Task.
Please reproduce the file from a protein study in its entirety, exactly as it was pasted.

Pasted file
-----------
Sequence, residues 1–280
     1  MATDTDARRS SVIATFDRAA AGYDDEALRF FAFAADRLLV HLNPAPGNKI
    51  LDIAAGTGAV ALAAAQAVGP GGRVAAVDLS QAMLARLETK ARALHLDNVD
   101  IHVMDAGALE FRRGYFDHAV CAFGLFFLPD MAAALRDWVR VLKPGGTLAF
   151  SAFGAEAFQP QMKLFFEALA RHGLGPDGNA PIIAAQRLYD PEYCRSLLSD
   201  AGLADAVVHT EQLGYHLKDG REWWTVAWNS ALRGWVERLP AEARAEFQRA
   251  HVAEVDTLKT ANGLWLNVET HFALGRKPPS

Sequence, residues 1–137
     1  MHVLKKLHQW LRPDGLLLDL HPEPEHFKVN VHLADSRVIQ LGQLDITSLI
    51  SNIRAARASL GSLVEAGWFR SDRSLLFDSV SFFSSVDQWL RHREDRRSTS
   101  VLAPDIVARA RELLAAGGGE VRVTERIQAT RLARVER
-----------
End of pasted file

Sequence, residues 1–280
     1  MATDTDARRS SVIATFDRAA AGYDDEALRF FAFAADRLLV HLNPAPGNKI
    51  LDIAAGTGAV ALAAAQAVGP GGRVAAVDLS QAMLARLETK ARALHLDNVD
   101  IHVMDAGALE FRRGYFDHAV CAFGLFFLPD MAAALRDWVR VLKPGGTLAF
   151  SAFGAEAFQP QMKLFFEALA RHGLGPDGNA PIIAAQRLYD PEYCRSLLSD
   201  AGLADAVVHT EQLGYHLKDG REWWTVAWNS ALRGWVERLP AEARAEFQRA
   251  HVAEVDTLKT ANGLWLNVET HFALGRKPPS

Sequence, residues 1–137
     1  MHVLKKLHQW LRPDGLLLDL HPEPEHFKVN VHLADSRVIQ LGQLDITSLI
    51  SNIRAARASL GSLVEAGWFR SDRSLLFDSV SFFSSVDQWL RHREDRRSTS
   101  VLAPDIVARA RELLAAGGGE VRVTERIQAT RLARVER